Claire Taylor MBE, cricketer

Claire Taylor. Copyright: Christopher Lee

The England World Cup winning batsman became the first woman to be named as one of the five Wisden Cricketers of the Year in 2009, heralding a new era for the women's game.

Raise Your Game: Why cricket?

Claire Taylor: I started playing cricket at the age of 10 in my junior school. I played with the boys, as classes were small and all children played all sports, irrelevant of gender. I played for my school in the under 11 and under 13 sides, joined the local women's club and started going to junior county practice. By the age of 16 I had been selected to play for the Junior England team and I continued to play at senior levels throughout university.


Samantha Claire Taylor

25 September 1975

Amersham, England


Batting style:
Right-hand bat

Fielding position:

England Women, Berkshire Women, Thames Valley Women

Test debut:
England women v India women, Shenley, July 15 1999


  • Appointed MBE (2010)
  • Named Women's Cricketer of the Year (2009)
  • Winners of the Women's ICC World Cup (2009)
  • Winners of the Women's ICC World Twenty20 (2009).
  • The first woman to be named as one of the five Wisden Cricketers of the Year (2009).
  • Claire made the highest individual score at Lord's when she hit 156 not out off 151 balls against India in the 2006 NatWest Series.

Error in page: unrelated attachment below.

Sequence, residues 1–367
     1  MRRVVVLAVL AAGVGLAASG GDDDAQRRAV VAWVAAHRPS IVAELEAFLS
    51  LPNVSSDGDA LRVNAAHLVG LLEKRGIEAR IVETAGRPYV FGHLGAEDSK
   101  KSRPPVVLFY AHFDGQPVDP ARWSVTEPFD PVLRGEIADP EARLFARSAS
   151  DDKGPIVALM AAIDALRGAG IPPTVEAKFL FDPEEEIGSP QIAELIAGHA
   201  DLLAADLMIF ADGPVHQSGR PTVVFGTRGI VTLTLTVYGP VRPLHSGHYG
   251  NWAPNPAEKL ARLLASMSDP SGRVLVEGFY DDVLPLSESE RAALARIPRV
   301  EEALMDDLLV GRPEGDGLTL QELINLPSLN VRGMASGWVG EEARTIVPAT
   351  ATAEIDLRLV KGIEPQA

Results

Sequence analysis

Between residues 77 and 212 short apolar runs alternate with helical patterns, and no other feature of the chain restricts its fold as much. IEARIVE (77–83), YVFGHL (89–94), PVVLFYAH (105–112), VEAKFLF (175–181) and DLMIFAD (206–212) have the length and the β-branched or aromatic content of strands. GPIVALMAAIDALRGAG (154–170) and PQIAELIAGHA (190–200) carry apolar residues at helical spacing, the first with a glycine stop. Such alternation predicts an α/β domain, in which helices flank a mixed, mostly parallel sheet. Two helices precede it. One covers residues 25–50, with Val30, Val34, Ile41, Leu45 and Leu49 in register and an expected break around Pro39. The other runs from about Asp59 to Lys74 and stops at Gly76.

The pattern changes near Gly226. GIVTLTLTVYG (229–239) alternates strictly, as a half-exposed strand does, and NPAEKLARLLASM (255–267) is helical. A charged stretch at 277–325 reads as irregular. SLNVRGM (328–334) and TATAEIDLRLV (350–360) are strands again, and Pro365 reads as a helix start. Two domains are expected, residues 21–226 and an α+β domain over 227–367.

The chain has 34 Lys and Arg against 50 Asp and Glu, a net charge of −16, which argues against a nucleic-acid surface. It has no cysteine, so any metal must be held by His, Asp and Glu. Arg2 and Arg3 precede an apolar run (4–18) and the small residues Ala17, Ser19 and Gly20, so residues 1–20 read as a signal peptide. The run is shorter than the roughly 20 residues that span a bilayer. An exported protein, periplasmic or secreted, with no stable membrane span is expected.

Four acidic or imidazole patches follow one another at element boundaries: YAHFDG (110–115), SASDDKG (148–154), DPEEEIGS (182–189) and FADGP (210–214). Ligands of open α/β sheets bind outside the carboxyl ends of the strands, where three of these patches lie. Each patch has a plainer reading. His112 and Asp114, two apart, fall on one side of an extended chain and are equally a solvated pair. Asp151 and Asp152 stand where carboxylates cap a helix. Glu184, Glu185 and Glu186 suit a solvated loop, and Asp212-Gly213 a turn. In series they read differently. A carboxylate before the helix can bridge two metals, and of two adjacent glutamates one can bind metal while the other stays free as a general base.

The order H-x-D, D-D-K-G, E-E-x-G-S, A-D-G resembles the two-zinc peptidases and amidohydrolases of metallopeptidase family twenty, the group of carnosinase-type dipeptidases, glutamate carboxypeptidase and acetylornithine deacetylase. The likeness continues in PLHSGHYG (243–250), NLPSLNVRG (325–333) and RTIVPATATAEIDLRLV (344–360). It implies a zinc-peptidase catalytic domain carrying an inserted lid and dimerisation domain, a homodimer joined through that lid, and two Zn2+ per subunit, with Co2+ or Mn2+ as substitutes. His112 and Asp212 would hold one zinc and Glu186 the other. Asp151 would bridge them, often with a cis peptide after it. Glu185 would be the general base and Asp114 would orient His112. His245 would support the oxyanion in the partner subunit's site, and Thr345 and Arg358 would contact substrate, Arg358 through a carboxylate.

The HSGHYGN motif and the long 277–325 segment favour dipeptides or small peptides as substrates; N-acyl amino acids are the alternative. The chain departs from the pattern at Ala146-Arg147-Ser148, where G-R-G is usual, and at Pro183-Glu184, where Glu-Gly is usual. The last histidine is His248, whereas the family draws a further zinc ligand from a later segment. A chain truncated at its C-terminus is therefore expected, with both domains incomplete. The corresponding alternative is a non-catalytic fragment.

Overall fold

RYG: How do you keep yourself motivated?

CT: I concentrate on the smaller things. The motivation comes through striking the ball well, being able to control an innings and being able to bat. So rather than being motivated by the benefits that come from being known in cricket, I am motivated more by playing well and that's what keeps me going.

RYG: You became disillusioned with the game when England were knocked out of the World Cup in 2005, and you sought advice from sports psychologists. How did they help?

CT: We talked about my dependence on cricket for self-esteem. When the cricket was going really well, I was really happy and everything would be great, but when the cricket was going really badly, I became unhappy and I found it really difficult to motivate myself.

I needed to find a better balance in my life because life isn't just about cricket. They suggested finding a job, to take up hobbies that I enjoyed, and to socialise with people that were not cricket people, so that I had a variety of things happening in my life. Then if you get a bad run in cricket or you get injured, you have other things in your life that can keep you motivated and interested. This was really great advice.

RYG: You have stated in previous interviews that 'success breeds success.' Can you explain this in more detail?

CT: Once you get on a winning streak the whole team and the people around you get more confident and you become more aware of what you are capable of. Everybody starts to play better and people stand up and have match winning performances. You get used to winning, and you get used to the idea that given a game situation you can win a game from anywhere. You become tougher and you become tougher as a squad.

Success really does breed success and the more successful we are as a squad, the more people will get interested in women's cricket and hopefully the more girls and women will start playing.

RYG: What skills can you learn from cricket?

Claire Taylor World Cup win 2009. Copyright: Christopher Lee.CT: An important aspect of cricket is respect and humility for the game. You respect all the players on your team, the opposition, the umpires and scorers, etc. Humility is realising that you can be brilliant one day, scoring over 100 runs, and then the very next day you might not score any.